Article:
The automotive industry team at Bank of America Merrill Lynch (BofAML) spends its days fine-tuning and funding the strategic plans of middle-market parts suppliers. What do these companies say are their most pressing concerns as the new year begins? Globalization and capacity.
But there is a new twist on these familiar pressures — a paradigm shift toward what the BofAML team calls “manufacturing in theater.” OEMs expect suppliers to follow them around the globe, setting up shop near assembly plants instead of shipping parts around the world from one country to another.
This presents considerable risk to sup- pliers who must weigh which countries to enter first, then figure out how to go about it. All options are costly, but also potentially very profitable. BofAML sees these forces at work from the inside out as it helps its clients manage capital investments, acquisitions, joint ventures, international cash flow and currency fluctuations.
These clients cover the industry spectrum: raw materials producers, parts suppliers, OEMs, dealerships and consumers. Covering the full spectrum of the automotive ecosystem helps BofAML see trends and pressures before they become apparent to much of the rest of the world. Here’s more on these trends from my conversation with the BofAML team that included Matt Elliott, Michigan state president and commercial banking market executive, and senior credit officers Brian Kundich and David Komrska.
HOW DOES THE CAPACITY SITUATION LOOK?
The capacity envelope left after the economic crisis has been filled up. Now expansion is required to support an increase in sales volume. The slow growth of sales after the recession really delayed capacity concerns, but everyone knew we’d hit that wall eventually. Now we’re at the tipping point.
WHY ARE AUTOMAKERS SO KEEN TO BRING SUPPLIERS CLOSER TO PLANTS?
For one, OEMs want to shorten and strengthen their supply chains — it’s a lesson from the 2011 tsunami in Japan that highlighted weaknesses in the supply chain. At the same time, OEMs also expect suppliers to work at an international scale to support the automakers’ global platforms. So, for example, a manufacturer that wants to supply a part in North America also has to produce it in two or three other geographies. We call this “manufacturing in theater,” and it means the supplier either has to find a local partner or build a plant in that new location. Each option costs money and entails risk, but has the potential to be very lucrative.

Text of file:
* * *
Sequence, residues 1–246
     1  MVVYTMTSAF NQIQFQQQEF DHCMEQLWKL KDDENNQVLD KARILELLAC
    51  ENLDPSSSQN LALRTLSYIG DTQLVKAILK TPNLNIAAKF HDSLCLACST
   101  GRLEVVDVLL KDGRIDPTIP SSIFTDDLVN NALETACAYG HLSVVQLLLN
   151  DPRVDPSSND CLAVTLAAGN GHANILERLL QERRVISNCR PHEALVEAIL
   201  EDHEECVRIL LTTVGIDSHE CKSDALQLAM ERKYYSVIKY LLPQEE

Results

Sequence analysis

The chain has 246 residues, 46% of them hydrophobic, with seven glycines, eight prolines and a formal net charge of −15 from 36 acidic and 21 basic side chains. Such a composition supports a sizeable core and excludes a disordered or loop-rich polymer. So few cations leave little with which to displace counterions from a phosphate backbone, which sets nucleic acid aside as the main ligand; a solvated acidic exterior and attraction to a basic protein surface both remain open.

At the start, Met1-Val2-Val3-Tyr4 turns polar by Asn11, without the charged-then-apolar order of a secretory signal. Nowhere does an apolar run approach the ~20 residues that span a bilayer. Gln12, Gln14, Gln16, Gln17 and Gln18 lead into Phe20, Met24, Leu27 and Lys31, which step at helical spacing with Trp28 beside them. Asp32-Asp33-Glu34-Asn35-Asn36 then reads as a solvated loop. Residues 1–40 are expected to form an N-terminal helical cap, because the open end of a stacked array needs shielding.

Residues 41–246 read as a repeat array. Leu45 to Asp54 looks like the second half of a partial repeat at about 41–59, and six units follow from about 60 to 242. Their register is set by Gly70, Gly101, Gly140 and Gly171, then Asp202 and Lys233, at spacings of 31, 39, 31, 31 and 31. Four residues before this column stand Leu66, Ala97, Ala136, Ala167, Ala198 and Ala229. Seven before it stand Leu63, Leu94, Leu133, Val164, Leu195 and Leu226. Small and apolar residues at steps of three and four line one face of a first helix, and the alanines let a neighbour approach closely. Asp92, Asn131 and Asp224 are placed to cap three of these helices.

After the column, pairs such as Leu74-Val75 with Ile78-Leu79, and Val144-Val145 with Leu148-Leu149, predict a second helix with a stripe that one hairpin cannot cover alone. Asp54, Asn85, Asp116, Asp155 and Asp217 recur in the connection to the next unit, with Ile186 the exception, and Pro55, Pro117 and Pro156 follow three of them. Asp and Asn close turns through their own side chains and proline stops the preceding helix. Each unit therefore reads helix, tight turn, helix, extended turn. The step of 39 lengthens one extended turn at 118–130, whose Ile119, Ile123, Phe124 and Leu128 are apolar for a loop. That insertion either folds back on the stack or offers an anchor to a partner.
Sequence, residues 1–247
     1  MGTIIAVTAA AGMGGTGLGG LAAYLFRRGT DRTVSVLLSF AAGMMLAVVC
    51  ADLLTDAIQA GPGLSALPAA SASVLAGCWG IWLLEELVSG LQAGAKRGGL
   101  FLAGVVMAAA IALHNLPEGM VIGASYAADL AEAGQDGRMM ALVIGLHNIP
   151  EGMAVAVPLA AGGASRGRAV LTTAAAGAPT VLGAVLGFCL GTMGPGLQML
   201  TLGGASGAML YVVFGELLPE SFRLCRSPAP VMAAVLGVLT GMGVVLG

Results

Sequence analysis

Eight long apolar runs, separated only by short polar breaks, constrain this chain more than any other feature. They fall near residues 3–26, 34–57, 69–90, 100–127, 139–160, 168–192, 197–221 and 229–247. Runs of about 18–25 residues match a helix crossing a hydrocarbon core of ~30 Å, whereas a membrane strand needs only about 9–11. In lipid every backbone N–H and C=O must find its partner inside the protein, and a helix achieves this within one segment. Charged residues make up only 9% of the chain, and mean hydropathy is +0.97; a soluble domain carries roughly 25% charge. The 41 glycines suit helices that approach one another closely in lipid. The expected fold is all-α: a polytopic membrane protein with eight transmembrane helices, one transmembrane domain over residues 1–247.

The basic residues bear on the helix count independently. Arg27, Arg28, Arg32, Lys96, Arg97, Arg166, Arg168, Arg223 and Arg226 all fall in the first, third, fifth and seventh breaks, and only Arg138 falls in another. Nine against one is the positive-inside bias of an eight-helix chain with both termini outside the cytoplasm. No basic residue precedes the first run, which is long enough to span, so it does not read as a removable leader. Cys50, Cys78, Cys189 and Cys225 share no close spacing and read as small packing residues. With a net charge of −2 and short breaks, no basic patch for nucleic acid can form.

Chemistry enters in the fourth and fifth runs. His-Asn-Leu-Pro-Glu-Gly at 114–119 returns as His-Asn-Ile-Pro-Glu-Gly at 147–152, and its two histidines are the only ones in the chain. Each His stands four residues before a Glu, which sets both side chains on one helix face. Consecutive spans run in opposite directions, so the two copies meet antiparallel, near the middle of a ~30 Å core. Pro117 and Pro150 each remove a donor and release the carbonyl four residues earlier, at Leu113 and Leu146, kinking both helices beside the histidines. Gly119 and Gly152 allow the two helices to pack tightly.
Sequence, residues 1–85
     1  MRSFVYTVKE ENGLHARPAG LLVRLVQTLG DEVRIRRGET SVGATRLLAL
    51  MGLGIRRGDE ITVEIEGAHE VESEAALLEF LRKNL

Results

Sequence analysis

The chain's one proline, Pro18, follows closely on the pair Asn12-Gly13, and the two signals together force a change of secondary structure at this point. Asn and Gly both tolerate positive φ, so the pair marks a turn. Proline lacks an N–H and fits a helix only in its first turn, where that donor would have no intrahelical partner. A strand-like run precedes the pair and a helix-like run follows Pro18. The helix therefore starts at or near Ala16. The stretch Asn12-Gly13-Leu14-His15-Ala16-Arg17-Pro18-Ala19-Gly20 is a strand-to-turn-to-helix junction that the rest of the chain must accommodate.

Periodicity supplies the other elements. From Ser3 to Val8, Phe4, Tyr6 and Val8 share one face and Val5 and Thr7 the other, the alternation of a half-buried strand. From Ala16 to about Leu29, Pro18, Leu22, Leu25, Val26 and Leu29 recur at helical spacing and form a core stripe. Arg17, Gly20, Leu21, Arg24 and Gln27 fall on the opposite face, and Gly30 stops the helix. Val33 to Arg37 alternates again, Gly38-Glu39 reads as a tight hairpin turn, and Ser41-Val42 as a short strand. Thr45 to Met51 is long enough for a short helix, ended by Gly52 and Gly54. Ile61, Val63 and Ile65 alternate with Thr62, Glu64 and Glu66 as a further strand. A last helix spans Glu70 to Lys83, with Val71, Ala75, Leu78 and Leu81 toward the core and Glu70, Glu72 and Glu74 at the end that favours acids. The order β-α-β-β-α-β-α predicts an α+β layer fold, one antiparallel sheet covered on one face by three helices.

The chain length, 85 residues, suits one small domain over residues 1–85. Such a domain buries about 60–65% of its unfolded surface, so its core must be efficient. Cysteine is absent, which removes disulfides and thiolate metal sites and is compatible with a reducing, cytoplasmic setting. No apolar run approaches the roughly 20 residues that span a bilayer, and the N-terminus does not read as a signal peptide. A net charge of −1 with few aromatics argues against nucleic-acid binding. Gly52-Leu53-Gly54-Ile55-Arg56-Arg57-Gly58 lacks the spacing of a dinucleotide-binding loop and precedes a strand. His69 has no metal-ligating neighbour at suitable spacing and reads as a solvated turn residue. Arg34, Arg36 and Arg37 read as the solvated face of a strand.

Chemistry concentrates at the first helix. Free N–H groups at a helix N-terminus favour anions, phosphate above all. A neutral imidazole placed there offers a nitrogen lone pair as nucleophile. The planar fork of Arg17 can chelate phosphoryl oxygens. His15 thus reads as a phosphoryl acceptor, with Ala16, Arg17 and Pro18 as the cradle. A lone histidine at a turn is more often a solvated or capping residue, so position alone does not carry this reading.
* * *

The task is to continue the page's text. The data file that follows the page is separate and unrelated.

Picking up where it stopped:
WHAT DO SUPPLIERS HAVE TO DO TO GET STARTED, AND WHAT’S THEIR BIGGEST CONCERN WHEN PLANNING THESE GLOBAL STRATEGIES?
Getting the finances in place is usually one of the first orders of business. We have a client, a small public company, that knew it needed more of a global manufacturing footprint but was behind the curve. We first helped them increase debt capacity to make acquisitions. Then we helped implement a cash management system to handle the expanded global enterprise and we’re now reevaluating the capital structure to position the company for the next phase of growth. The company has made five acquisitions in the last 18 months in Europe and the U.S. The next project is a joint venture in China.
Another client of ours was thinking about buying a foreign company for the first time. The first thing on their plate was arranging a financial package — before getting into deep discussions with potential buyout targets. Their big concern in picking a financial partner was they wanted to know we had done it before, that we knew how to structure a deal and had the people who know how to do it. Clients like these are looking for an international bank. They’re saying, “We need a partner that can help us go to places like Europe, China, India, Brazil.” We have bankers who structure and advise automotive clients in those markets and they work alongside our local U.S.-based teams to deliver the entire global firm to the client.
WHAT ISSUES DO COMPANIES FACE IN THESE SITUATIONS?
There’s a lot of risk and complexity when entering a foreign market, and much of that stems from jumping into an unknown regulatory environment, which is why it’s important to bring in knowledgeable people. One supplier, a smaller public company, always had used a contract manufacturer to make its product, in what really was a two-player market — this company and a European company.
Our client wanted to buy their competitor, but it was three times its size, and was majority owned by a German hedge fund and a collection of individual investors. This supplier needed help financing the purchase and navigating German laws concerning tender offers and shareholder rights. It had asked a few banks for ideas and nobody came back with a great answer. They came to us and we recommended and executed a strategy for them, getting them financed and working through all the legalities, while arranging a cash management system for what had become overnight a global company. We were able to do this in a short time because of our in-market expertise.
WHAT OTHER PRESSURES ARE SUPPLIERS FACING?
Lightweighting (removing weight from vehicles), powertrain electrification, autonomous vehicle technology and mobility are coming into play. These developments will drive change, and change requires investment, talent and experience. Another big issue we consistently hear from business owners is that lack of talent is handicapping growth.
They’re also wondering about the sustainability of the current sales volume. Every supplier is skeptical of sales projections they get from customers. Excess capacity in this industry is not your friend if you’re a supplier. It’s a classic greed-versus-fear dilemma. To learn more, visit go.bofaml.com/auto.